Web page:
It’s Thursday, it’s raining...enough already.
Way too soon to pass along postponement information, but I’d be shocked if we have a game tonight. I’d greatly appreciate final word coming before I drive to Camden Yards, but the chances of it happening are pretty slim. There might be a “window” somewhere later tonight.
I’d keep it shut so the rug doesn’t get wet.
See what happens when you fill up Tropicana Field? The players freak out and they can’t score.
The Orioles took two of three from a team fighting to win the division. Clinching a playoff spot Tuesday night didn’t allow the Rays to relax. Every game still counts.
Did anyone miss Evan Longoria? Besides the Rays, I mean.
This won’t be a final word on Kevin Millwood, but we’re winding down: He worked 190 2/3 innings, eight shy of his total last year in the same number of games, when he finished 13-10 for the Rangers. And keep in mind that he spent some time on the disabled list.
Millwood provided innings and leadership. Too bad he couldn’t provide more than four wins - not always his fault, but his first-inning struggles often sabotaged his starts.
If the Orioles were searching for a starter for the backend of their rotation, I could see how they’d retain some interest in Millwood, at a greatly reduced rate, of course. But they’re more likely to focus on the front end of the rotation over the winter, which would seem to push Millwood out of their plans.
Last night’s start, besides allowing the Orioles to avoid 100 losses, also provided another example of good things happening to good people. And he’s one of the really good ones.
Jake Arrieta told reporters in St. Petersburg yesterday that he’s not going to have the bone spur removed from his right elbow. Dr. Lewis Yocum’s second opinion matched Arrieta’s first instinct.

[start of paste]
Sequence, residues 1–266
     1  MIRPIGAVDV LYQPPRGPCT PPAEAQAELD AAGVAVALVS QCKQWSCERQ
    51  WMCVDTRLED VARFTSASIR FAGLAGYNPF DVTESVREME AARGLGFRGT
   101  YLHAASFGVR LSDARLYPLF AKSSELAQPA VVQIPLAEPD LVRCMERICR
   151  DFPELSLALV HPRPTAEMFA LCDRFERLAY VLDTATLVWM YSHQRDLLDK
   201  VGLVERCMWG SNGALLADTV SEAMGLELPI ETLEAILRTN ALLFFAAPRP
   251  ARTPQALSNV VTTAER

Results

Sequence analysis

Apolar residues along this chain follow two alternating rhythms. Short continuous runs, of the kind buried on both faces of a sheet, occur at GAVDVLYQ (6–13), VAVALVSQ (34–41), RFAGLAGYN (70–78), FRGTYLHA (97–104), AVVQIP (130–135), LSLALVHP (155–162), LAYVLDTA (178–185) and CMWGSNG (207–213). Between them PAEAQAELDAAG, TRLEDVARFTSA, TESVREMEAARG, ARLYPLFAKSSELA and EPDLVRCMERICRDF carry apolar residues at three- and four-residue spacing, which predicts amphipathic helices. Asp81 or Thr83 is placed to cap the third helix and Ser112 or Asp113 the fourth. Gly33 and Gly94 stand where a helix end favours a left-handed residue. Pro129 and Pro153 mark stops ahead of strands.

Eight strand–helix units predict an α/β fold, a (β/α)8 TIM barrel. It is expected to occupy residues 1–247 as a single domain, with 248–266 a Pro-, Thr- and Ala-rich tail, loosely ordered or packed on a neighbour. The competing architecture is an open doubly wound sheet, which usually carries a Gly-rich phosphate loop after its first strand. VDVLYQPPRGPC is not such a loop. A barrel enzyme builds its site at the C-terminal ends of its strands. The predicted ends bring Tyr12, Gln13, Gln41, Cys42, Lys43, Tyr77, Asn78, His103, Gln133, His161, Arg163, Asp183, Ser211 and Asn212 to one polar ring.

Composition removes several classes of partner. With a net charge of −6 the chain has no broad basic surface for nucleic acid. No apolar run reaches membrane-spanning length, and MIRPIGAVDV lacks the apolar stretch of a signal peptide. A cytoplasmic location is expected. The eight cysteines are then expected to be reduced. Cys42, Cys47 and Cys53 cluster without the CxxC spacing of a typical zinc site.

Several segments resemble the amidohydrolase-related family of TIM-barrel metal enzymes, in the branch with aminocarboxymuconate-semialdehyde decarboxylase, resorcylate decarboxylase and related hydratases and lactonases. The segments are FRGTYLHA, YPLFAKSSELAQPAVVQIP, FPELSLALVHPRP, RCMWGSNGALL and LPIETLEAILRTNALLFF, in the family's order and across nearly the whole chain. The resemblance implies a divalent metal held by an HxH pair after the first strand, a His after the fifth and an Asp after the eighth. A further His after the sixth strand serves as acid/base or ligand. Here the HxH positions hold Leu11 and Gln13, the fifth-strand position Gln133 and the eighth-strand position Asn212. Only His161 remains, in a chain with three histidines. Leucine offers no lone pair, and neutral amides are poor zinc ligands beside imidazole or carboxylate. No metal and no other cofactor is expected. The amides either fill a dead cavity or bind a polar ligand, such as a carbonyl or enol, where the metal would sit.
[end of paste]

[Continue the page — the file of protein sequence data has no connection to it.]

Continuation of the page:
I’m not going to tell Arrieta what he should do with his arm. He uses it to make a living. But he should be prepared for the closer scrutiny each time he struggles. Same with Matt Albers and that tear in his labrum, which would have required a much more serious procedure. That spur will be blamed for everything from an abbreviated outing to a bad mustache.
Arrieta said the spur doesn’t prevent him from throwing effectively. He did, however, experience some tightness in his triceps related to the spur, and he said it limits his flexibility, though not severely enough to cause any concerns.
Yocum and team orthopedist Dr. John Wilckens apparently share the same opinion, judging from the reports, and the Orioles seem fine with Arrieta’s decision, at least publicly. You won’t convince me that they’re not at least a little worried about the spur becoming an issue next season. But it’ll give reporters something else to obsess over in spring training.
We got a lot of mileage out of Troy Patton’s labrum tear a few years ago, Brian Roberts’ back earlier this year and Koji Uehara’s hamstring the last two springs. I could have made a living just checking on Kris Benson’s rotator cuff in 2007.
Just no groins, please. That’s all I ask.